"The notion that such persons are gay of heart and carefree is curiously untrue. They lead, as a matter of fact, an existence of jumpiness and apprehension. They sit on the edge of the chair of Literature. In the house of Life they have the feeling that they have never taken off their overcoats."
- James Thurber, My Life and Hard Times

Sunday, October 4, 2015

The recap so far.

I've been plugging my whirlwind life recently. I'd feel bad about this, in that "what kind of narcissist are you?" way, except that I've been plugging the events that I think other people would enjoy attending. 

It's not exactly my fault that I'm going to them, too.

So how did everything go, you may ask. Seriously. You have my permission to ask that.


As usual, this was a fun weekend of talking about writing, learning about writing, and laughing about everything. I seemed to have picked up a bad habit - the day of the conference, I came down with a cold. In San Diego, I did the same thing. Each time, I sounded worse than I felt, but sounding worse meant that I practically lost my voice.

Helpful hint: Losing your voice when you have to teach a workshop or two is not a good way to spend a weekend.

My most vivid memory of San Diego is having to teach public speaking at the very last workshop of the very last day. Dearest woman Laura Taylor bustled into the workshop with a tray of herbal tea with lots of lemon and honey. It was like pulling the thorn from my paw. I will adore her forever.

At Irvine, my survival instinct took over, which meant I did not get to close down the bar with my tribe every night. But I did get to spend a little time, here and there, with some of my pals. My workshops went very well. At least, the participants told me they liked it. I hope they're not privately emailing (SCWC director) Michael Steven Gregory and saying, "Please stop her."

I sat in a couple of workshops that taught me a lot. Both were about leaving the worry about plotting behind and Just. Writing. Suzanne Redfearn taught "Pantsers: Keep the Creativity Flowing" and I loved her exhortation to not worry so much about where you think the story HAS to go, and let your characters take you where they NEED to go. We did some writing exercises in her class that were fun and freeing.

Then I was pleasantly surprised in Jeff Michael's class, "Write from the Heart." He discussed The Muse and Her role in our writing. I've always struggled with the middle of my books, and as he spoke, I realized that my Muse tends to feed me inspiration for the first part of my book, and the last part. I see the scenes setting up the story, as well as the end. But in the middle, She seems to abandon me to go shoe shopping.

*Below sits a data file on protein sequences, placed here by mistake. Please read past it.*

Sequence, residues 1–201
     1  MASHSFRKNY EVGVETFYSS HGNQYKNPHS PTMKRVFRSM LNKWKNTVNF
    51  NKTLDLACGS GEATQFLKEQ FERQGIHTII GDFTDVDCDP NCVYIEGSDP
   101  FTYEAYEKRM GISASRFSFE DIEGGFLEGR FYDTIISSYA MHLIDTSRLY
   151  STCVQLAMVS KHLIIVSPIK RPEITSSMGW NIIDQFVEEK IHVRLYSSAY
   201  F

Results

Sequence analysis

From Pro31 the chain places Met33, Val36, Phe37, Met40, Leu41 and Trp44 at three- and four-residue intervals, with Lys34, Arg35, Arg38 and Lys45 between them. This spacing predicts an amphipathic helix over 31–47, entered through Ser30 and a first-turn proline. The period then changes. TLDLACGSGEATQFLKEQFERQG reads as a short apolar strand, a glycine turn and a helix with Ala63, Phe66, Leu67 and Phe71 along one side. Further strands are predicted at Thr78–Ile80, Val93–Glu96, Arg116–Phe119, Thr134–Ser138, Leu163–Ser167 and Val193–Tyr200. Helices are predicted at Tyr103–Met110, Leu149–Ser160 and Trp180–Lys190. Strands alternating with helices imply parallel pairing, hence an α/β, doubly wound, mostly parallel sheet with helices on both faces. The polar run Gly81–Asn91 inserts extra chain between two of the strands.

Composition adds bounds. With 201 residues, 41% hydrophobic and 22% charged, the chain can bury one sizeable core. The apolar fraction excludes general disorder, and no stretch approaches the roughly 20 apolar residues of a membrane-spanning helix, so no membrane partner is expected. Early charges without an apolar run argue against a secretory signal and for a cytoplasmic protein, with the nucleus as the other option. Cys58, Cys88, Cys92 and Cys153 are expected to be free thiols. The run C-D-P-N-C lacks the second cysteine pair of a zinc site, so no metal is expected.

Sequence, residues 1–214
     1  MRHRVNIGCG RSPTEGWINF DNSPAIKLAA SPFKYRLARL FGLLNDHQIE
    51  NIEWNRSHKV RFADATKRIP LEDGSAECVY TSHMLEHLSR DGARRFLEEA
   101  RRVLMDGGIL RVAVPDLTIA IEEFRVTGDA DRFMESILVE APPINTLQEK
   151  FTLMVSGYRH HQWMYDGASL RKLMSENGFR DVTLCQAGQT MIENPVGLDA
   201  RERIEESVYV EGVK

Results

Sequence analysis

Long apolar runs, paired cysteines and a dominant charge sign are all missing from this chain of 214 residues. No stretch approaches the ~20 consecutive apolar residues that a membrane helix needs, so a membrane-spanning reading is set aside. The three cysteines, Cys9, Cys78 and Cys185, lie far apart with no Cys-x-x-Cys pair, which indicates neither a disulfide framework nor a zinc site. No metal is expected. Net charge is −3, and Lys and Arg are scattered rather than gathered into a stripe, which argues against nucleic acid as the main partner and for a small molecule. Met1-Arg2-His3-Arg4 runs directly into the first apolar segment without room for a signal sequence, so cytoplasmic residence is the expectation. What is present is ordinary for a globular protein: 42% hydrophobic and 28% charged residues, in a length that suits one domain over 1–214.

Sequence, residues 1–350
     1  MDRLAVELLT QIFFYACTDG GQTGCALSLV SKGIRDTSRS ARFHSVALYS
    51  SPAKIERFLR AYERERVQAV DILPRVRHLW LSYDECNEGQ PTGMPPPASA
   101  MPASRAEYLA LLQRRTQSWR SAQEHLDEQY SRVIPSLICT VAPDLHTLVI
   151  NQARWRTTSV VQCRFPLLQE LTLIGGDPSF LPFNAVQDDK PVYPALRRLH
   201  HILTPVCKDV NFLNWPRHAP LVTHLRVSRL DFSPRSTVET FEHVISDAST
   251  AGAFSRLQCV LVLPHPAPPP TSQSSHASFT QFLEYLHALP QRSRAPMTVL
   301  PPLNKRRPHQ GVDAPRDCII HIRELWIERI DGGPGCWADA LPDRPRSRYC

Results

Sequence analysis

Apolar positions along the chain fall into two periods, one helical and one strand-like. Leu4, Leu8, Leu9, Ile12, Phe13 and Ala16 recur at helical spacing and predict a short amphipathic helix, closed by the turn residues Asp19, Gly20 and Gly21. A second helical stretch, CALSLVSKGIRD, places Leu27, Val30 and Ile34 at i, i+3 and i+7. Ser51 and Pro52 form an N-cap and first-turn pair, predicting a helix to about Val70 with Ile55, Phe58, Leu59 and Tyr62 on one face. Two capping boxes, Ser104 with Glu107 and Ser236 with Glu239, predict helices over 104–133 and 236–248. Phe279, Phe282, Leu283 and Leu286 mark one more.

"Oooh, pretty, shiny," said Whimsie, Gayle's Muse

I have to say, I admire her style.

So I asked Jeff to discuss it, and he had a lot of helpful things to say in class. Afterward, we sat down to lunch and discussed it further. We were joined by his wife, Jill, of course, and our good friend and ultra-entrepreneur, Garrett Miller. Jeff had some excellent suggestions for making certain that my second act is true and necessary and worth the read. 

As always, I told him how thankful I was for his kindness, as well as to Jill and Garrett for their indulgence. Take note, folks. Always show gratitude. It costs nothing and its value is priceless. 

And in case you want to get in on the fun, the San Diego conference is in February. Go here to learn more - http://writersconference.com/sd/

On to...


The good news is that it was a rousing success. We had a room full of people who met new authors and heard about Sisters in Crime. Our panels were smokin' - these women were funny, insightful, intelligent writers. And our guest speakers could not have been more engaging. 

Catriona McPherson had everyone laughing with her story of how she came to writing. I love her easy, down-to-earth personality. She's won numerous awards, and she deserves them all, and more. Honestly, her Scottish (working class, she says) accent is so entrancing, I would listen to her read the phone book. 

Carol Higgins Clark was equally charming, discussing how her mother's novels led her to her author's life. It turns out, in her teens, she typed up one of her mother's manuscripts for her. The experience was a deep memory for her, and started her on her path. She was also funny, describing how we all think she's super-famous, and yet people can't even get her name right. We may think she's super-famous, but we know she's super-fabulous.

The not-the-best news is that the event was tremendous work for all involved. I'm writing this after two glasses of wine and about five naps. Ask me more about it after another week of sleep and more wine.


What's next is an interview with Garrett Miller on his popular and fun Rated G Radio show (click here to find it - http://www.blogtalkradio.com/garrettmiller). I've been interviewed on his show before and I'm always excited and a little nervous, only because I want to be a good guest. Garrett is The Perfect Interviewer and should have his own talk show. He actually listens to your answers and asks questions from there, very much like my interview-idol, Dick Cavett. 

So tune in at 7 pm, PST, and listen to me talk about humor and books and...

My launch party at Tri-City Park on October 10th! It's the Placentia Heritage Festival, and I'll be selling my three new collections of humor columns, to honor my 10 years as a humor columnist for the Placentia News-Times. 

Come on out to the park and find my booth - I don't know where I'll be, but my canopy is bright yellow. The park festivities open around 10 a.m., but I won't be there until I've ridden in the parade. I think we get to the park around 11 or so. 

Once I get there, we will have prizes and treats and a generally fun time!

Hope to see you this Saturday!

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